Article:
An outcome measure is a tool used to assess a patient’s symptoms, other concerns, and quality of life. If health professionals use them regularly, they can measure and document change in a patient’s status. This information can then be used to inform and improve care for individual patients. It can also inform decisions about wider service development.

Currently, there are no validated outcome measures for use in paediatric palliative care. Partly this is because children receiving palliative care often have profound communication difficulties, making it difficult for them to report on their symptoms. It is also a highly sensitive area of care, making research more challenging and leading to a lack of evidence.   

Children's Palliative care Outcome Scale (C-POS) project

The Children's Palliative care Outcome Scale (C-POS) project, which is being led by Professor Richard Harding at the Cicely Saunders Institute at King’s College London, is designed to address this gap in research knowledge and clinical practice. 

C-POS will be the first validated outcome measure for use in paediatric palliative care. This novel study will draw together researchers, carers, and clinicians working in a range on contexts including hospitals, care homes and hospices. It will also work closely with children and their families,  engaging children in the research, rather than relying on proxy data.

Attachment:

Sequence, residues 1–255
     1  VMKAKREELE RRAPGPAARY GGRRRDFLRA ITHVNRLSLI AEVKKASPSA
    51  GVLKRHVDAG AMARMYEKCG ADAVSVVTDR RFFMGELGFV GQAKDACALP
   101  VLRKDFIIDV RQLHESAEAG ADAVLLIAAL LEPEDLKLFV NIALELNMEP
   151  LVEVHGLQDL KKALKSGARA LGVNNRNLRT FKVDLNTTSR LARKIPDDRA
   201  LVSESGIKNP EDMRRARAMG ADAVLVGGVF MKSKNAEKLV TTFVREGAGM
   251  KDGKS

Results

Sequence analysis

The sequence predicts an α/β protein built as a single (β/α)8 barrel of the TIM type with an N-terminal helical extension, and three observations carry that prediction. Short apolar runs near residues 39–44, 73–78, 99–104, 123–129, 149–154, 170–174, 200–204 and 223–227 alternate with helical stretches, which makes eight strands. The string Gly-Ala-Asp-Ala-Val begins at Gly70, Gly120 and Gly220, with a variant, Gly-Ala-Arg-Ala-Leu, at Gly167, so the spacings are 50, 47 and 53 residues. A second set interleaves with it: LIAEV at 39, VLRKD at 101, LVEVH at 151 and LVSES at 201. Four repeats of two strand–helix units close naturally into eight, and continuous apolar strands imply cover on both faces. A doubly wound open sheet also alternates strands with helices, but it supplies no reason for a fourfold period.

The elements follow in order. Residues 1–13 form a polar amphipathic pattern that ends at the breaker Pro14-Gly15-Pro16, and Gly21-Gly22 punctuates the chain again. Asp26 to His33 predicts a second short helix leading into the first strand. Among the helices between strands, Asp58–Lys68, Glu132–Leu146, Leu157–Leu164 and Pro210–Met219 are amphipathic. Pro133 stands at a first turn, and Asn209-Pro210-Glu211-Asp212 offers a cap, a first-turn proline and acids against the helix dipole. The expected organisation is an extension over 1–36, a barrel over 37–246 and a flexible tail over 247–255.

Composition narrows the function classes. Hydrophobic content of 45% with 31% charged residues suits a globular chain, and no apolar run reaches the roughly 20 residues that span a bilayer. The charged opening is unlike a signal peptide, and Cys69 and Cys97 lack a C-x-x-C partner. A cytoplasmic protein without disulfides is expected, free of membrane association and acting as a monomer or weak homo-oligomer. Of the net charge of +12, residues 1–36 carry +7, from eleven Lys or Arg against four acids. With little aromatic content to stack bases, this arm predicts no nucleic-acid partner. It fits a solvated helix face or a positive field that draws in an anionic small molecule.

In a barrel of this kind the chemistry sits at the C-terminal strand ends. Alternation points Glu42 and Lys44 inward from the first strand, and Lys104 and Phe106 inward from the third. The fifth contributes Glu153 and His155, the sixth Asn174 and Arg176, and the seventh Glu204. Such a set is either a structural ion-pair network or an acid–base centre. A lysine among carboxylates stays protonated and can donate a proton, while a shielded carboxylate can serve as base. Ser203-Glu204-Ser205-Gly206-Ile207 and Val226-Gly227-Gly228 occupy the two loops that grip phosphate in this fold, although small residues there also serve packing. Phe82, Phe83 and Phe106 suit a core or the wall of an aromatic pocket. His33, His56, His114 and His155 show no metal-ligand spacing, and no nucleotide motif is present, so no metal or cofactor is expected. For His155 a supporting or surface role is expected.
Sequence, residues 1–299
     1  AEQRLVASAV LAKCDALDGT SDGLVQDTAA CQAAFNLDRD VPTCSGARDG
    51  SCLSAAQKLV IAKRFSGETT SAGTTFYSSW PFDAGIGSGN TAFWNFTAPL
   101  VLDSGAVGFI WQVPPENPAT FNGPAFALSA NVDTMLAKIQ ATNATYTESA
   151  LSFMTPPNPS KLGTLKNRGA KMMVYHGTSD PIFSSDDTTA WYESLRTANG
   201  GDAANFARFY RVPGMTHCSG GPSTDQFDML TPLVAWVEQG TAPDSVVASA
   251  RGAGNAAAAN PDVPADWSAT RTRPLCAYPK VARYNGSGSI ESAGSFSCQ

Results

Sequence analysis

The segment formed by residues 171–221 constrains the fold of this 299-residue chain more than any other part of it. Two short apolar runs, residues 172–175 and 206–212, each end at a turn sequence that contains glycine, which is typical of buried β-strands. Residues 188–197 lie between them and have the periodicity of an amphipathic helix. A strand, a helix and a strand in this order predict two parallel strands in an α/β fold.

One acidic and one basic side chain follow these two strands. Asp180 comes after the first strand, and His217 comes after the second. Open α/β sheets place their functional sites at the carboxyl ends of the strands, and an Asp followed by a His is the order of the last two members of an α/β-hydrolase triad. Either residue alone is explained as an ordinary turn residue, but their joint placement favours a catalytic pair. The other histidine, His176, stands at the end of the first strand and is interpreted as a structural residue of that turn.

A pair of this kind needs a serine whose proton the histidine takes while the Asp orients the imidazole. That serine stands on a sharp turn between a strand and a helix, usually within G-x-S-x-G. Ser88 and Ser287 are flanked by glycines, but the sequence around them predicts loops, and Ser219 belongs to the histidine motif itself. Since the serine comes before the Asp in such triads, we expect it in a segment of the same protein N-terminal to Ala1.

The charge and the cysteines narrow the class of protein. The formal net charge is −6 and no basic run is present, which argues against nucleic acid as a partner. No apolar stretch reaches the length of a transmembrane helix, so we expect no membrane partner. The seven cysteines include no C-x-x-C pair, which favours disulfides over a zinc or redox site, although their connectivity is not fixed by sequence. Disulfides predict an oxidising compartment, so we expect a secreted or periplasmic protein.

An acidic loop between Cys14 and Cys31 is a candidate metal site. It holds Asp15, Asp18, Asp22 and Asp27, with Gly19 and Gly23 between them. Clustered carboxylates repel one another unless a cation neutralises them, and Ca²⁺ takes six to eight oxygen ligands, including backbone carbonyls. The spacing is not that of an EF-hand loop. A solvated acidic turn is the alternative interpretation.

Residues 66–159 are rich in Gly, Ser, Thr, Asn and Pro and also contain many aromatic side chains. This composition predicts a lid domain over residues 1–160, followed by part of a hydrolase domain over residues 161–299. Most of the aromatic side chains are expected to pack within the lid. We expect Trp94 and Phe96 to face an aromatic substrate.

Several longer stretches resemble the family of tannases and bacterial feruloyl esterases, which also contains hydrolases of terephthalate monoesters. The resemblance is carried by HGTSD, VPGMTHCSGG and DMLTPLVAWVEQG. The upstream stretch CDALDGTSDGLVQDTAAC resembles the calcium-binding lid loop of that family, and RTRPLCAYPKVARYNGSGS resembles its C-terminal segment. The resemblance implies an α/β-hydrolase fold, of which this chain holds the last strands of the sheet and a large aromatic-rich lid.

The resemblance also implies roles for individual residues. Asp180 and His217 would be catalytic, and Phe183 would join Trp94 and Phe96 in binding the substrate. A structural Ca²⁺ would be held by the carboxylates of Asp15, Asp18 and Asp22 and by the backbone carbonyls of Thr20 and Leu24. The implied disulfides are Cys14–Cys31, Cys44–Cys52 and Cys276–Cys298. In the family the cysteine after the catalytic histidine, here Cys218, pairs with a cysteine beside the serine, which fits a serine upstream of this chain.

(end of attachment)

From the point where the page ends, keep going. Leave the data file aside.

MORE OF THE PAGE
In this way the team aim to develop an outcome measure for children, young people and families that is “person-centred” – in other words, developed around their specific needs.  

How this research will be carried out

The project will be carried out in three phases. The first phase will involve interviews with children and young people, their siblings, parents and caregivers, healthcare professionals and commissioners to identify priorities for care. It will also involve a systematic review of different methods used in outcome measures. This will inform the development of the tool.

The second phase will involve cognitive interviews with children and young people, parents and healthcare professionals to determine the effectiveness, ease of participation and interpretation of the tool. The C-POS tool will then be refined and validated.

The third phase will focus on implementing the tool in clinical practice, and will include developing guidance for routine practice and workshops for children, families and clinicians.  

Our collaborators

Collaborators on the project include King’s College London, UCL, University of Sussex, and Hull York Medical School. Sites involved in the first phase of the study are: King's College Hospital, The Royal Marsden Hospital, Great Ormond Street Hospital, Evelina London Children's Hospital, Martin House Children's Hospice, East Anglia's Children's Hospices, Addenbrooke's Hospital, and Leeds Teaching Hospitals NHS Foundation Trust.

More information 

This project is funded by a European Research Council Consolidator Award (€1,696,410) and was adopted by ARC South London in December 2019. It is expected to finish in February 2023.  

Find out more about the project on the Cicely Saunders Institute website.